Infoscience

Journal article

Electrical conductivity in a partially molten crust from measurements on metasedimentary enclaves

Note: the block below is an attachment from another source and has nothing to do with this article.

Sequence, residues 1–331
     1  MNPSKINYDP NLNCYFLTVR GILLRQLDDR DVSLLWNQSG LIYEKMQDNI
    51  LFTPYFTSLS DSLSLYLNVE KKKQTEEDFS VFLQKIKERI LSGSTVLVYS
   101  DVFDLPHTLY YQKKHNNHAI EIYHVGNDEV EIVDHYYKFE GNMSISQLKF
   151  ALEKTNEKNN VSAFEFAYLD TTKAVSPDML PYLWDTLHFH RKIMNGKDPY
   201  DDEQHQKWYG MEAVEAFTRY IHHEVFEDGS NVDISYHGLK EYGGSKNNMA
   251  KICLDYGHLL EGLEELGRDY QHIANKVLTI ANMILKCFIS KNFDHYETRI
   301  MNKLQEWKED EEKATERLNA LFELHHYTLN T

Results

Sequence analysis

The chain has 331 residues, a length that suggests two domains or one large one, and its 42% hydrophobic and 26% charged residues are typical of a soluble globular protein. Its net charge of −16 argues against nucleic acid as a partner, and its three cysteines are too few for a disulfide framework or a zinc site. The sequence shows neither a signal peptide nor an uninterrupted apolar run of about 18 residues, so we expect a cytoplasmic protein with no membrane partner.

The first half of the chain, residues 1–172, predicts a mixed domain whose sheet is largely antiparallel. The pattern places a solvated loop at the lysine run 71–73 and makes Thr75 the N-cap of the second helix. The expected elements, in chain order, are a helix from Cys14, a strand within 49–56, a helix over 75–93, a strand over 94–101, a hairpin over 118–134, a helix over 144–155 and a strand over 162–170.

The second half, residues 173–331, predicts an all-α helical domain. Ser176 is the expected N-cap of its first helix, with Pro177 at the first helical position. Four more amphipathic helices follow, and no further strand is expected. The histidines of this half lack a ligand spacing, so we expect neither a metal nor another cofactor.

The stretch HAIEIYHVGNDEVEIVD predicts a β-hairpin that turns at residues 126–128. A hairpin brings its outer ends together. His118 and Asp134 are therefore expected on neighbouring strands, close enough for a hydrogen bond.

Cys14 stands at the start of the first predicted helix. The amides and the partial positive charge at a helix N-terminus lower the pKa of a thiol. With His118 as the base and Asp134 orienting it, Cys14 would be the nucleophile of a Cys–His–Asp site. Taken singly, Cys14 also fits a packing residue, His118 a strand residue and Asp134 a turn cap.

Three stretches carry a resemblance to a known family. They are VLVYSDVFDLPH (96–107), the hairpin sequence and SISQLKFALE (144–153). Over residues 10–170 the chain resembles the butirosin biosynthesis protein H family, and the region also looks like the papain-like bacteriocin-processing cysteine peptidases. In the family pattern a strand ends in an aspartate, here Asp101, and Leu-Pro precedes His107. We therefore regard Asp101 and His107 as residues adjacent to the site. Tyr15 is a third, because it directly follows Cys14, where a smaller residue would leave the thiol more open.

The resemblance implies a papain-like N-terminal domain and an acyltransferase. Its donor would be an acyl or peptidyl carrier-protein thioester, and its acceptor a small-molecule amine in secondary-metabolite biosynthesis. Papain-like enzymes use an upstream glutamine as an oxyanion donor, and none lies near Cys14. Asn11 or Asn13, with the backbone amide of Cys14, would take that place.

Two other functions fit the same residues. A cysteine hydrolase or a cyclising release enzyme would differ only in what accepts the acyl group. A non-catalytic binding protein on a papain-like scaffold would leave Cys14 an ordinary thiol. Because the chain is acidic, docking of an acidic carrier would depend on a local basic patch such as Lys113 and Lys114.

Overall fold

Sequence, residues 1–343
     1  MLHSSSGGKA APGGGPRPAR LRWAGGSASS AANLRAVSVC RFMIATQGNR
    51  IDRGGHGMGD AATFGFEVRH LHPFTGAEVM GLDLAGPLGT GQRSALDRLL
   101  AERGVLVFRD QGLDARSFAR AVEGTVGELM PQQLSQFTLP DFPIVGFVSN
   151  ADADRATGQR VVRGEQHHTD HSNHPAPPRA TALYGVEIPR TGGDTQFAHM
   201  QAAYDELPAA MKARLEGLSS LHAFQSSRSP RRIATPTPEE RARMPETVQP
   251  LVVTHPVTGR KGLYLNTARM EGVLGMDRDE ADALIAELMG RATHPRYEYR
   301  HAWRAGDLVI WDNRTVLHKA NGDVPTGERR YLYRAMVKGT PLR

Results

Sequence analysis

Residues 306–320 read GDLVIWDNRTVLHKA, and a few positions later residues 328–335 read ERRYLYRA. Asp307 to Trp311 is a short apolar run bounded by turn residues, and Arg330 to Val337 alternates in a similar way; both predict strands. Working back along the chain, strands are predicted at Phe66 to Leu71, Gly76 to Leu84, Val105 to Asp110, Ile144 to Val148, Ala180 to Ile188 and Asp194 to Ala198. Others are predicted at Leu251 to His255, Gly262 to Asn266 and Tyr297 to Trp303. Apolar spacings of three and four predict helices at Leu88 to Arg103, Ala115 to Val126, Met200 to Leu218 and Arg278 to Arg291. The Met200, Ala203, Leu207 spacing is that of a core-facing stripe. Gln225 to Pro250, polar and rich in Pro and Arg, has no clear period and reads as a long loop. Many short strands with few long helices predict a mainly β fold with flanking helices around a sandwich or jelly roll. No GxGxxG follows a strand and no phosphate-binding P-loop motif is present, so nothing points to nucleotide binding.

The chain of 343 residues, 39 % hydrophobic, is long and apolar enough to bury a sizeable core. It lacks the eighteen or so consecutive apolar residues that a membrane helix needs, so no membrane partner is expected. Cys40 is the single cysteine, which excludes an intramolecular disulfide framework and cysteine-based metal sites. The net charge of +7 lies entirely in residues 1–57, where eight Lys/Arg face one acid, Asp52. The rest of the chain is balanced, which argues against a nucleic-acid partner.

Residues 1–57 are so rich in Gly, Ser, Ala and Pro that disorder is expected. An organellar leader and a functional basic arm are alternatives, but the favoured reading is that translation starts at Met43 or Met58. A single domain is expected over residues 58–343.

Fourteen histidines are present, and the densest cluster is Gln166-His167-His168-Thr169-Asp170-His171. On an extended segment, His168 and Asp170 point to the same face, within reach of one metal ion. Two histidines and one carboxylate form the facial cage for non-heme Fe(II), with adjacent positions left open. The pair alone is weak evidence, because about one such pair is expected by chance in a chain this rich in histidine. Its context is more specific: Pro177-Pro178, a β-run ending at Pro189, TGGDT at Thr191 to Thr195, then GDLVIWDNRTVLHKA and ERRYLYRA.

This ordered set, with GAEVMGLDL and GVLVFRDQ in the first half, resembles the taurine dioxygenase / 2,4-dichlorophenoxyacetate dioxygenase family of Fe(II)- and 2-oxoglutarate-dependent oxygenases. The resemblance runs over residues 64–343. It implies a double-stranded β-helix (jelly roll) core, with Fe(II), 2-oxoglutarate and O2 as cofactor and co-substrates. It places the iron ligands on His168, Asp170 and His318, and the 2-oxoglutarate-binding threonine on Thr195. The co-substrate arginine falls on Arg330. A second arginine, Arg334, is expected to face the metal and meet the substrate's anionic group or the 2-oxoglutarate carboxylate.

The complex electrical impedance of a garnet-biotite-sillimanite residual enclave in the Neogene dacite of El Hoyazo (SE Spain) has been determined up to 978. °C at 200-300. MPa. This well studied material represents a direct sampling of the Alborán Domain thinned lower crust undergoing partial melting. The paragenesis is garnet. +. biotite. +. sillimanite. +. plagioclase. +. graphite. ±. cordierite coexisting with widespread ( . 10. wt.%) rhyolitic melt occurring as inclusions and interstitial glass and developed during regional anatexis at 850. ±. 50. °C and 500-700. MPa.The samples were used in cyclic measurements consisting in heating-cooling ramps at progressively higher maximum temperature to observe the effect of reactions on conductivity. In the first cycle up to 850. °C at 2-3. kbar, re-melting of the interstitial glass is achieved with no additional reactions and logarithmic conductivity (S/m) is up to -1.5. At T. >. 950. °C new melt with orthopyroxene. +. ilmenite is produced from biotite partial breakdown and the logarithmic conductivity (S/m) is up to -0.7. Application of mixing models as Hashin-Shtrikman bounds or Archie's Law, shows that once interconnected, melt controls the electrical conductivity of the enclave. The electrical conductivity of the rock can be simulated with the electrical conductivity data obtained on the starting Matrix glass of the enclave and with the new melt.Our experimental results obtained on a graphitic metasedimentary material evidence show that graphite does not contribute to the conductivity enhancement and that the electrical anomaly observed below the Betics can be explained as effect of partial melting of a residual crust. Comparison with previous works on mafic granulites shows that similar conductivity values can be achieved both by melting of a residual felsic crust or by melting of mafic materials and suggests that pelitic rocks can be more common at deep levels than expected. © 2012 Elsevier B.V..

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